GHS students learned some healthy ways to tackle their stress last week during at a talk that was one of the Outreach SADD Club’s Alcohol Awareness Week events.
Roberta Brown Brugo of Greenwich Hospital’s Health Touch Program talked about “self-care” in the context of teens’ daily stress. Exploring healthy ways to deal with stress, Ms. Brown Brugo broke her talk into four components: Physical, Emotional, Mental and Spiritual when she asked students how they relieve stress.
During the exercises she led, Brown Brugo asked students to become aware of their breathing. She suggested they breathe in through their noses, and exhale out through their mouths. Then, she asked them to place one hand on their belly and the other on their hearts.
“Let the silence come,” she said. “Come to an inner awareness, and and inner peace, just by becoming aware of your breathing,” she continued, suggesting the students place both feet on the floor and use this breathing technique when they have anxious feelings.
Ms. Brown Brugo’s goal was to give students the tools to calm themselves. She explained the “fight-or-flight” instinct as as a reaction to a real or imagined threat.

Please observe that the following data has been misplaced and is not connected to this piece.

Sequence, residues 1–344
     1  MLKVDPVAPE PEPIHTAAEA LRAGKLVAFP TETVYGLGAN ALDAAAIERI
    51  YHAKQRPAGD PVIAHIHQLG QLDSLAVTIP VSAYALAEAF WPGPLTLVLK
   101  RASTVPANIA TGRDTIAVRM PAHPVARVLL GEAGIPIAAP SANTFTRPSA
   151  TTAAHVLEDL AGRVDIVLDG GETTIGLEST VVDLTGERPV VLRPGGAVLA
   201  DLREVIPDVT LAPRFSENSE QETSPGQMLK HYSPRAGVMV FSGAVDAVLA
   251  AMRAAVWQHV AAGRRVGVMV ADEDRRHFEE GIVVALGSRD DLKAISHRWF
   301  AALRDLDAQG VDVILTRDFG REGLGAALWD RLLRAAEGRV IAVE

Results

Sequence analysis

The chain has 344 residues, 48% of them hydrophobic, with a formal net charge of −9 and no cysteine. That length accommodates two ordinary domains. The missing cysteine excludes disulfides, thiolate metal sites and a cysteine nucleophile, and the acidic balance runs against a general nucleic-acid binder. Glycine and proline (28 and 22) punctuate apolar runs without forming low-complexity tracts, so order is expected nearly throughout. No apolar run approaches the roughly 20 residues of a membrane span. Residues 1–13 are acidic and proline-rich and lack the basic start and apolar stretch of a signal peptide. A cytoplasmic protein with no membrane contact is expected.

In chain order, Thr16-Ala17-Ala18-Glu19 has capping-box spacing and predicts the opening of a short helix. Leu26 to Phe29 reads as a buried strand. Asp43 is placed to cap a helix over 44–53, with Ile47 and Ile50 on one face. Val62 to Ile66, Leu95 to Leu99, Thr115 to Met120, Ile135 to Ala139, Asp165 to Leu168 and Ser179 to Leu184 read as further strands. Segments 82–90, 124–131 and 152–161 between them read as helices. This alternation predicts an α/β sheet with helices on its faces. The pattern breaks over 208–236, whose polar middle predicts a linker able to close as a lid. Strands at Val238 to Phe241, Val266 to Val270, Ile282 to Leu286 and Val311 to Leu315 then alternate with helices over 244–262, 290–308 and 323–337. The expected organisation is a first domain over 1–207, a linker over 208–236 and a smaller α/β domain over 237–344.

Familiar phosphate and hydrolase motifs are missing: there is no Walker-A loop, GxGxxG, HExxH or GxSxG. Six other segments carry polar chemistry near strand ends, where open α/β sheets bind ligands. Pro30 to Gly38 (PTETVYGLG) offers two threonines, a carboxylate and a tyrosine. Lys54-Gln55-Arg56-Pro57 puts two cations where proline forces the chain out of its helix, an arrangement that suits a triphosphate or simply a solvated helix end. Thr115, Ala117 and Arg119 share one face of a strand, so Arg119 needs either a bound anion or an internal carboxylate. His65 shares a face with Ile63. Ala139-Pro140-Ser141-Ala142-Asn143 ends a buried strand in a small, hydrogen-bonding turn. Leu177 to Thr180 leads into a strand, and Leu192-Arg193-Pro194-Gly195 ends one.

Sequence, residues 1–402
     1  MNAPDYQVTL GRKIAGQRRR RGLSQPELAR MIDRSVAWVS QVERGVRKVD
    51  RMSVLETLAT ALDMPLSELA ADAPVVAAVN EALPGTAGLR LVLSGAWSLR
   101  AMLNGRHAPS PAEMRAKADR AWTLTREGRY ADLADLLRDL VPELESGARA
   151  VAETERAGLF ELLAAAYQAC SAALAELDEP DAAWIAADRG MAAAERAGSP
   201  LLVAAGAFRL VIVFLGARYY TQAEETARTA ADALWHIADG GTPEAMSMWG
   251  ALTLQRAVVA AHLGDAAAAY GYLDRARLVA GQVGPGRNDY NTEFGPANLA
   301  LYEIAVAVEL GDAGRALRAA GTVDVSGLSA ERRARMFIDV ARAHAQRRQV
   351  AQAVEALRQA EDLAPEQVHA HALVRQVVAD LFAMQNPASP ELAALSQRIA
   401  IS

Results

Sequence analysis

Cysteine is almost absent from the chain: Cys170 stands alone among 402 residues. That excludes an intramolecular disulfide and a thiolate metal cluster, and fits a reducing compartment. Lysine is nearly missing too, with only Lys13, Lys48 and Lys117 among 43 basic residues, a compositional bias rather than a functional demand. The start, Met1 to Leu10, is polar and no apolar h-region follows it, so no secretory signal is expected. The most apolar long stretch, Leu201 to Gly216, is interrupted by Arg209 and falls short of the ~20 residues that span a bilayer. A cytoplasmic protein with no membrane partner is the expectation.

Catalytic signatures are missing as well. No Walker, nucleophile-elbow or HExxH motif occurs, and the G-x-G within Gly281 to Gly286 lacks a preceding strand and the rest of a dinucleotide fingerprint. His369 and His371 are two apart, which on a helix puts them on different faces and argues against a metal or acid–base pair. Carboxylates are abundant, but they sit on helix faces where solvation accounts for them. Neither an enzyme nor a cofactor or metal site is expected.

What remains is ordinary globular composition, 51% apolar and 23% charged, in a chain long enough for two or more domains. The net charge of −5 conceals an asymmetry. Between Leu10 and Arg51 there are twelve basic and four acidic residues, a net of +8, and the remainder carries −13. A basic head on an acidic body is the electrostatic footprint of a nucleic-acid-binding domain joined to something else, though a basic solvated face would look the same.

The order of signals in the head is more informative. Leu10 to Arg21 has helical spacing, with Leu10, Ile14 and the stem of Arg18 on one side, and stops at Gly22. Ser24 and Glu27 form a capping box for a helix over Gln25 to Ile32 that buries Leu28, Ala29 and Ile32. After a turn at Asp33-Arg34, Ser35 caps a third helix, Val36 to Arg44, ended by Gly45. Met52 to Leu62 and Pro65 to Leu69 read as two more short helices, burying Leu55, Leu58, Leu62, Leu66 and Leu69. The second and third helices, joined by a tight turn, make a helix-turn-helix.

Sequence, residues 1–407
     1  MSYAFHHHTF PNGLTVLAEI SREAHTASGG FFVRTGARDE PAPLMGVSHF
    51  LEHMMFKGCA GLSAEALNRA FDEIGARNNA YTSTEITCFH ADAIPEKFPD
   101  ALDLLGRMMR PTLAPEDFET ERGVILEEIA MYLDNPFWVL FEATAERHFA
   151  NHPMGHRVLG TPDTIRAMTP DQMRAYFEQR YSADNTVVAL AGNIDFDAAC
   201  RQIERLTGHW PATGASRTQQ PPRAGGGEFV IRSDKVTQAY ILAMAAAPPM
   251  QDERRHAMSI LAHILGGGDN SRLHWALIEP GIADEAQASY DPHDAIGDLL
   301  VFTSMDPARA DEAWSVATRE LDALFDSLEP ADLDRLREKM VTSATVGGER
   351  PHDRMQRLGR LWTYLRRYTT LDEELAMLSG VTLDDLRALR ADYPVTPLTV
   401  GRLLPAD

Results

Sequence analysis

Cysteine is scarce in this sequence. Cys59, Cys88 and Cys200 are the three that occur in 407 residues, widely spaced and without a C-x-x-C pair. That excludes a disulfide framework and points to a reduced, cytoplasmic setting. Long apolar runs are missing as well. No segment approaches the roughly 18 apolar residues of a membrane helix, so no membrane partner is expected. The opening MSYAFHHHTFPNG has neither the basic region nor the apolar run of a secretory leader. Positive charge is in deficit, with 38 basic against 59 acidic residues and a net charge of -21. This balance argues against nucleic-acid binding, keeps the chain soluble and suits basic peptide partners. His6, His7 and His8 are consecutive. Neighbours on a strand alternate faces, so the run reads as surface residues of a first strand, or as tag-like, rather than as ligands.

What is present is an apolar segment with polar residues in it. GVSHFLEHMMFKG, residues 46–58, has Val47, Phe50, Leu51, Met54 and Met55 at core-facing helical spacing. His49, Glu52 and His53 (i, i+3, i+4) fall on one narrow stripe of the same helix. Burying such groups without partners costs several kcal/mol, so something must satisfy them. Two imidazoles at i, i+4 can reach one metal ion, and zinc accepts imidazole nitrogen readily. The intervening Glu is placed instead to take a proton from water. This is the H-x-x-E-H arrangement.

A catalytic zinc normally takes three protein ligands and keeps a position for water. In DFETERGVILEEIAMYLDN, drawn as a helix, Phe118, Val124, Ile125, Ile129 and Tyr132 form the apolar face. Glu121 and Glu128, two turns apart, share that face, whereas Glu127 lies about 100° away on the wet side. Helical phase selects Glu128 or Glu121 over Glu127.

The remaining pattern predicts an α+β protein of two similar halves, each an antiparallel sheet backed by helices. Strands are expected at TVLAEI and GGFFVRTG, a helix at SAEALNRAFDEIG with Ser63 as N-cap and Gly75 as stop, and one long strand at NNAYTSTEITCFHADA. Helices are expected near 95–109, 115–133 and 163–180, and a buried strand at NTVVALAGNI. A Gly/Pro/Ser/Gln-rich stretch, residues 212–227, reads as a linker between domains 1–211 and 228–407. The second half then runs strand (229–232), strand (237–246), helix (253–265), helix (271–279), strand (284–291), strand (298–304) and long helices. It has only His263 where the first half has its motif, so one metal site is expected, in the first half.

“The response may not be to a real threat,” she said. “Long ago, when a tiger was coming after indigenous people, they had to run. So, all of the blood comes to the internal organs because you’re stressed and you have to get away,” she said. “But what’s happening now is that we’re staying in that stressed response, and we’re not learning how to provide ourselves soothing techniques to become calm.”
Ms. Brown Brugo said that chronic stress effects long-term memory. “It effects your blood vessels, and causes a higher risk for heart disease, stroke, depression and certain types of cancer,” she said, adding that she was visiting GHS to give students resources to combat stress, including meditation.
“Your brain is a lot of water. Hydration is really important,” she said. “How do you relieve tension? How about dancing? Walking. Exercise, Movement… and putting good foods in your body. Emotionally, what do you do if you feel stress?” she asked. Some of the answers were medication, playing music, and taking a walk with friends and talking.
“Be still. You can learn a lot,” Brown Brugo said. “It allows you to notice what you’re thinking, what you’re feeling, and what sensations you’re feeling in your body and any emotions.”
Roberta Brown Brugo, a registered nurse and certified Healing Touch practitioner, visits GHS with her Healing Touch volunteers during midterms, finals and during the annual health fair. She and her volunteers share a technique they describe as an energy therapy that helps people feel calm and relaxed.
Brown Brugo said that at Greenwich Hospital, the Healing Touch volunteers work with patients in several departments, from pediatrics to cancer support, and even help patients after surgery.
See also: What GHS Students Gladly Line up For? Healing Touch Volunteers from Greenwich Hospital
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